After its release, the WWF then decided to bring in the Zeus character to feud with Hogan ‘in real life,’ to get revenge for his loss in the movie, culminating in a pay-per-view event in December 89 entitled, “No Holds Barred: The Movie/ The Match” which featured a showing of the movie followed by a steel cage tag match pitting Hogan and Brutus ‘The Barber’ Beefcake against Zeus and ‘Macho Man’ Randy Savage.
I’m not making that up.
Ready To Rumble (2000) dir. Brian Robbins
Now here’s where the shit really starts. If the fact that this was directed by Brian ‘Norbit/Meet Dave’ Robbins doesn’t clue you in to the quality of this film, then let me elaborate.
David Arquette and Scott Caan star as wrestling fans who decide to help out their hero Jimmy King (Oliver Platt) after he’s screwed over by his boss, promoter Titus Sinclair (Joe Pantoliano). Martin Landau and Rose McGowan also have minor roles.
This one was produced by World Championship Wrestling and features many WCW wrestlers appearing as themselves, including Diamond Dallas Paige as one of the villains, Bam Bam Bigelow, Bill Goldberg, Sting, Rey Mysterio, Curt Henning, Sid Vicious, and Perry Saturn.
Now this one was supposed to be a comedy, if it were in fact funny. Apparently someone in WCW thought it would be a good idea to use a movie to promote wrestling as it simultaneously makes fun of wrestling and its fan base. This movie can’t even make up its mind on whether or not it wants to portray wrestling as legit or predetermined. At the beginning we clearly see wrestlers discussing the finish to their match, but throughout the rest of the movie it’s treated like it’s real.
And with all due respect to real life fan David Arquette, his and Caan’s over the top portrayals of wrestling fans are irritating, unlikable, and among the most embarrassing thing wrestling fans have had to watch.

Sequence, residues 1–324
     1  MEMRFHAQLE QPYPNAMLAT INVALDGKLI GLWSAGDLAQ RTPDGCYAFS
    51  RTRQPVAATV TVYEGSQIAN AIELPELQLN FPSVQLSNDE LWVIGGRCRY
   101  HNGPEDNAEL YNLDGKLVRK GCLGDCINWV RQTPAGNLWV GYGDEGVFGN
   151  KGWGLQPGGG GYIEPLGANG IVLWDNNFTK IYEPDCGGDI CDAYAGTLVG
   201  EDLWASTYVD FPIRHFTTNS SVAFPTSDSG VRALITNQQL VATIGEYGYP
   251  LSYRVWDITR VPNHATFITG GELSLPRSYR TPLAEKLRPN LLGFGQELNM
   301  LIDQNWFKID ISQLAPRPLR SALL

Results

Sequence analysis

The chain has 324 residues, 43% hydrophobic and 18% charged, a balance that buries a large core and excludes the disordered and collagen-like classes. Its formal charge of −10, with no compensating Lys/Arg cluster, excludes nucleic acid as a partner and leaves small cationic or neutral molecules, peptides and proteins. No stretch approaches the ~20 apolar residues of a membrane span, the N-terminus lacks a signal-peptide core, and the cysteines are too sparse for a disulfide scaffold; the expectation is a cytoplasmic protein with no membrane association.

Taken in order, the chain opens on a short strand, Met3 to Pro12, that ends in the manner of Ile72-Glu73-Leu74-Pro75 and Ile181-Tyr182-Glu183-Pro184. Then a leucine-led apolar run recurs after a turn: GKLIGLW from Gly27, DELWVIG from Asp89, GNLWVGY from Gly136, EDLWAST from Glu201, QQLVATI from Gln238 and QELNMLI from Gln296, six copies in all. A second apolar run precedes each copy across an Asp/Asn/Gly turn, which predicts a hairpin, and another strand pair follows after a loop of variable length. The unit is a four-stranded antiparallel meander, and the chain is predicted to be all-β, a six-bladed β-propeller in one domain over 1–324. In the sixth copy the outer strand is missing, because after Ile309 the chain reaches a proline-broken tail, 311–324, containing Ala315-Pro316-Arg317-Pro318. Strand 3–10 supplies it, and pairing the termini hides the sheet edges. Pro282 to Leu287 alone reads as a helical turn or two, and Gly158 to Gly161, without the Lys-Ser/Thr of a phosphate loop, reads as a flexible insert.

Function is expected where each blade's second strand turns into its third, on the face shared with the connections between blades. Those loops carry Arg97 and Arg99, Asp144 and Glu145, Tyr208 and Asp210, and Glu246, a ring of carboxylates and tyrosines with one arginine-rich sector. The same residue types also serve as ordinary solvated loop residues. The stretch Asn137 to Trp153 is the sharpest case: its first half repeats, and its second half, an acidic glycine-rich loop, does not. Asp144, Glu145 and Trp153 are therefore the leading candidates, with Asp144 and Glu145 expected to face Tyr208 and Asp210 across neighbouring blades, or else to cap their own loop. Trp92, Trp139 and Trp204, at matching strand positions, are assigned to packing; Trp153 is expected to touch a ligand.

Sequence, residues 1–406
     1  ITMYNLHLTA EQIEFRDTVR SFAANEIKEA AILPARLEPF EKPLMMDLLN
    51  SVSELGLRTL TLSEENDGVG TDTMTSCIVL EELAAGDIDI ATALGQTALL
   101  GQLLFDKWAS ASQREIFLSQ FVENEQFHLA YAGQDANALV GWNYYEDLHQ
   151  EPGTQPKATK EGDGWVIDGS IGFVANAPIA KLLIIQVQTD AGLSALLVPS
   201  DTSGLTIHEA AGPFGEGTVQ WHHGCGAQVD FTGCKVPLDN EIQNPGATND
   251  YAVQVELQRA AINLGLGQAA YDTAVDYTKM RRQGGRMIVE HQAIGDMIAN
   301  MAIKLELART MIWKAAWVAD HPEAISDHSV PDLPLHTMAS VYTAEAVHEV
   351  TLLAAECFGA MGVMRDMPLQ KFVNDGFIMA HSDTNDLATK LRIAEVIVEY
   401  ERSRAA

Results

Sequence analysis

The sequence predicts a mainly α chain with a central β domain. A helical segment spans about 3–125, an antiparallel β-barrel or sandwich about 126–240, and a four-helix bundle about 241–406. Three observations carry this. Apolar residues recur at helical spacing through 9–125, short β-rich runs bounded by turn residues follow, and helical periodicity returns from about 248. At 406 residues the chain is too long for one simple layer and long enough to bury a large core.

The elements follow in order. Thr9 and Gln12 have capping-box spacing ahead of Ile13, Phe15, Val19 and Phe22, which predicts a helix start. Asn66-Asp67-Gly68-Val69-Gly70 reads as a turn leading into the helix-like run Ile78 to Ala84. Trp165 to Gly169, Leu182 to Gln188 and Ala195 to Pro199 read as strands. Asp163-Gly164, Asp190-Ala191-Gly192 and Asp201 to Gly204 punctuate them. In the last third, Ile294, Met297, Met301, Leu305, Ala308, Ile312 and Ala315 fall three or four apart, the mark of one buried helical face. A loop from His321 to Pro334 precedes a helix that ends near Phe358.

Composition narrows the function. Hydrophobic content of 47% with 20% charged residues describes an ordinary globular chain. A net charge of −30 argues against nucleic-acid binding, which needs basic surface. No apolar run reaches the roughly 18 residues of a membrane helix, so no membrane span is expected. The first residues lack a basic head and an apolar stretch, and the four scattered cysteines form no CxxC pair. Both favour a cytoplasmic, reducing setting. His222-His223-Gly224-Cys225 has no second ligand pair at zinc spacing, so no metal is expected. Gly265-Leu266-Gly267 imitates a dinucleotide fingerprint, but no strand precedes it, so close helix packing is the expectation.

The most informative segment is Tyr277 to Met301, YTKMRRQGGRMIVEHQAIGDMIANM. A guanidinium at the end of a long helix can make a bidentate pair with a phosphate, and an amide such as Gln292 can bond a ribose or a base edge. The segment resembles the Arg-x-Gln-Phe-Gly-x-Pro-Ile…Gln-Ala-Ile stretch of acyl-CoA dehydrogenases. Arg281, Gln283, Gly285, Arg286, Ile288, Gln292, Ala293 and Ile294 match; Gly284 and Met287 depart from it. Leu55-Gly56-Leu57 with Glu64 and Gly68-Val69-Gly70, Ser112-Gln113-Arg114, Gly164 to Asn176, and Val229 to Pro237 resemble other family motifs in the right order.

At least until this guy came along:
At least Platt and Landau make the movie watchable. Not enjoyable, but watchable.
But that’s not even the worst of it. WCW was losing in its ratings war with the WWF as a result of bad booking and mismanagement. So they decided to pull off a publicity stunt be putting the World Title on David Arquette.
You read that right.
Ladies and Gentlemen, your WCW World Heavyweight Champion, David Arquette.
When it comes to bullshit like this, I don’t blame people for not liking wrestling.
WCW went out of business less than a year later. I’m not saying this movie killed of the second biggest promotion in wrestling history, but it didn’t stop the bleeding either.
I could add ‘Nacho Libre’ to the list, but there’s nothing really special to talk about with that one. It was an entertaining if forgettable Jack Black vehicle that while it didn’t do any favors for wrestling, at least it didn’t outright insult it the way ‘Ready to Rumble’ did.
There it is, my first spill blog. I’m sure I’ll have more once I have something to talk about, but now it’s 4 A.M. in Virginia and I need sleep.
Again, I wasn’t trying to blast anyone, just promoting discussion.